"Operation Limitless"

Manir Karim's '84 GT

Photos by: Lue Creative  

“I got this car as a shell, I needed it to help me forget some of the foxbodies I regretted selling”
— Manir Karim


     Back in 2015 when Foxcast Media was just getting cranked up, things were happening very fast. I had the honor to meet so many fox body Mustang crazy guys like myself. What really got me was the level of builds, and wicked cars that I had never laid eyes on. Just when you think you've seen it all, somebody comes along and blows your mind. This is pretty much what happened when I met Manir Karim. Although I don't currently own a four eye, I've always wanted to build one. Checking out Manir's '84 I knew this is exactly how I would want to build one. Coincidentally it was one of the first cars I featured, and one of my all time favorites.

    Being the top dog at Our Dream Auto in Mooresville NC, Manir knows all about building over-the-top cars. Manir is also responsible for building Anthony McDaniel's "Vertyote" and helping Kody Smith with his '88 coupe. Starting to get the picture now?  Having a hand in so many ridiculous builds, you know his own fox body Mustang had to be wicked. 

    Never having enough time work on his own car, the build has taken Manir nearly five years to complete. He got the car as basically a shell, and decided it was going to be the one to help him forget all the other cars he regretted selling. Since he couldn't afford to buy what he wanted, he decided to build it. 

   The exterior of the car is what really grabs your attention. The front bumper cover is a one-off piece built by Manir, which involved countless hours of molding an '01 Cobra bumper cover, to the upper portion of the '85. Since none of the lines matched, this involved more trial and error than Manir cares  to remember. The next detail is the three piece rear spoiler that has been formed into one solid unit, another long and tedious project. These mods are complemented by a Cobra rear bumper cover, and Saleen side skirts. The final addition came last year when he tore the car apart again, and totally shaved the cowl panel, as well as the firewall. Not only was this a huge undertaking, but they were added after the car was "done". The finishing touches to the stunning exterior are True Forged Chicane wheels, measuring 17x9 up front, and 17x10 in the rear. The look is off the charts.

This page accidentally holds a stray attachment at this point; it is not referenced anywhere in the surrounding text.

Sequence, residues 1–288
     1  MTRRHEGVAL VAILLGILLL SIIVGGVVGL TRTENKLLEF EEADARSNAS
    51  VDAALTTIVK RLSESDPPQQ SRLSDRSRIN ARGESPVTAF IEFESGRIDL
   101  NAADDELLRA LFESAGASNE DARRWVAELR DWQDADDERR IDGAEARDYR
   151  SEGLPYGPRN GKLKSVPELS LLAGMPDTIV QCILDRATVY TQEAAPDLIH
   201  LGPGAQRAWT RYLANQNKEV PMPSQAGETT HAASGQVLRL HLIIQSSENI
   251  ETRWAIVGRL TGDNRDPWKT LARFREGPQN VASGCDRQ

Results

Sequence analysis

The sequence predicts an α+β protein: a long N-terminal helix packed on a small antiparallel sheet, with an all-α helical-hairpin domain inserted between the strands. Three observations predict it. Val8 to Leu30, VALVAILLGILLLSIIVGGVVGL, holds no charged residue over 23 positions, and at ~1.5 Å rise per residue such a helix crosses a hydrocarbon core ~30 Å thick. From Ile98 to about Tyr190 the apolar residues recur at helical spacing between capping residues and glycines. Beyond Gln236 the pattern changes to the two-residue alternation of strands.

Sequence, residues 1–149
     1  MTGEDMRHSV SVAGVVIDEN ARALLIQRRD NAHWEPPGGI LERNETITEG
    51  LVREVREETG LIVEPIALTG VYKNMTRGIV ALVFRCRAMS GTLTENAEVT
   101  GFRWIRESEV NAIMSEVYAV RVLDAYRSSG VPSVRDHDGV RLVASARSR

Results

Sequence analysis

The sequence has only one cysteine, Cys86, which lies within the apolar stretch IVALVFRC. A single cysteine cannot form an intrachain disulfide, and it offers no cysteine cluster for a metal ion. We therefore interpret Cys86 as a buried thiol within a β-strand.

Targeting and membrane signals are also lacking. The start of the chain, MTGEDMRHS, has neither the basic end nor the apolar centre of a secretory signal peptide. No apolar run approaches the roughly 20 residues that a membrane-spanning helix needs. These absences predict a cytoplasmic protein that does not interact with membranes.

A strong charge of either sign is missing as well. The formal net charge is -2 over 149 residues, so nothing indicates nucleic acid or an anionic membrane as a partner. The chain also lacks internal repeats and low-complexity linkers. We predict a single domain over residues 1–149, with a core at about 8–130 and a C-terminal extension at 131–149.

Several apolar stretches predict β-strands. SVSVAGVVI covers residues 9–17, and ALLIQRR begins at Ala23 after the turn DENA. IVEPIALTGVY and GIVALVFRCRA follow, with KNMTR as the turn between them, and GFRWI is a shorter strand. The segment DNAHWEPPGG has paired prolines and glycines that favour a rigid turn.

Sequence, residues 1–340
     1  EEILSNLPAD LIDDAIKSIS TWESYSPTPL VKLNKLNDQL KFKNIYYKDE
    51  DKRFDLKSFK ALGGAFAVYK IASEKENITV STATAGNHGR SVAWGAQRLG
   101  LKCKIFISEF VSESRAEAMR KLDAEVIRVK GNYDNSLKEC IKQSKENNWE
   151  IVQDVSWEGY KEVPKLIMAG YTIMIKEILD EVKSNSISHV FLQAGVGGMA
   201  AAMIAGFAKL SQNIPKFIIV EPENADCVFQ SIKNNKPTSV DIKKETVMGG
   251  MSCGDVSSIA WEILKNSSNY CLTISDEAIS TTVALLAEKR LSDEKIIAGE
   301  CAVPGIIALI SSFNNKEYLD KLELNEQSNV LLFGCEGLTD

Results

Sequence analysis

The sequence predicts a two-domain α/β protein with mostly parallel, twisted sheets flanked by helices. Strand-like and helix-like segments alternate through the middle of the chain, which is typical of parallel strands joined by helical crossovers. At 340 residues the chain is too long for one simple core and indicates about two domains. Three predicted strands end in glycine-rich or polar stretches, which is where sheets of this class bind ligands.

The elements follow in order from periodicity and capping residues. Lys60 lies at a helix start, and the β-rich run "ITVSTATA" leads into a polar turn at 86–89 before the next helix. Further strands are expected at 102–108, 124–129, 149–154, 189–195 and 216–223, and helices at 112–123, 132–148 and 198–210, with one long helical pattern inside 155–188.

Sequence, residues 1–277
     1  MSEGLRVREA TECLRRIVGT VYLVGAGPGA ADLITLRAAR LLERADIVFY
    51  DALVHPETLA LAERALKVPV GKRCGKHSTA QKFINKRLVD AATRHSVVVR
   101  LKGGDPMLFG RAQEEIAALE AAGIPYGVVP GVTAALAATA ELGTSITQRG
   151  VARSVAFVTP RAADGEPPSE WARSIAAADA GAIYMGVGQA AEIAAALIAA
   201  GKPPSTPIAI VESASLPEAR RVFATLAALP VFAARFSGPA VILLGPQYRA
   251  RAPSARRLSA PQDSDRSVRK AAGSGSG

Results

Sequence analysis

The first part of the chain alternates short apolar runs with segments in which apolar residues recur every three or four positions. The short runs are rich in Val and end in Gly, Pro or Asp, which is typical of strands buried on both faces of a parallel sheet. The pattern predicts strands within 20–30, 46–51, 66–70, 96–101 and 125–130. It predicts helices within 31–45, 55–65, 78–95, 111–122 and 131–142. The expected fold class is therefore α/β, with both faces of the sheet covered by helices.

Inside the insanely smooth engine bay is where the bad things live. A 357ci Windsor was given the nod to make big torque. The heads are Trick Flow 190s, coupled with a custom ground turbo cam, and a smoothed Trick Flow track heat intake. Cramming pressurized air down the Windsor's  throat is  a Master Power T72 turbo, with custom hot/cold side, and front mount intercooler. To tame the beast, Manir contacted Wes Kiser who recommended a PIMP standalone sequential injection system. After Wes worked his magic, the '84 has rock solid drivability, and big power. Final numbers aren't quite in yet, but are estimated in the mid 600 range on moderate boost. 

    Knowing that it was going to take some heft to live behind the Windsor, Manir ordered a Tremec TKO 500 trans, and Centerforce DFX clutch. Now that the trans was up to the job, he moved back to the 8.8 and fortified it with an Auburn HD differential, 31 spline Moser axles, and turbo friendly 3.27 gears. To haul the car down from triple digit blasts, the brakes would also need their fair share of attention. Manir put in a call to Wilwood for their massive four piston calipers, and 13" rotors at all four corners. The new brakes, simply put, are like throwing out a thousand pound boat anchor. 

    I really could write a small novel about this car. Seeing it in person is the only way to truly appreciate the level of detail built in. The interior is absolutely amazing as well, housing several custom built pieces. The fully upgraded suspension is a laundry list of top notch parts, and seeing the car in direct sunlight it seems to almost glow. Knowing the insane amount of work Manir has invested in the car, and having the determination to tear it apart when it was nearly finished, I appropriately named it: "Operation limitless".  CR

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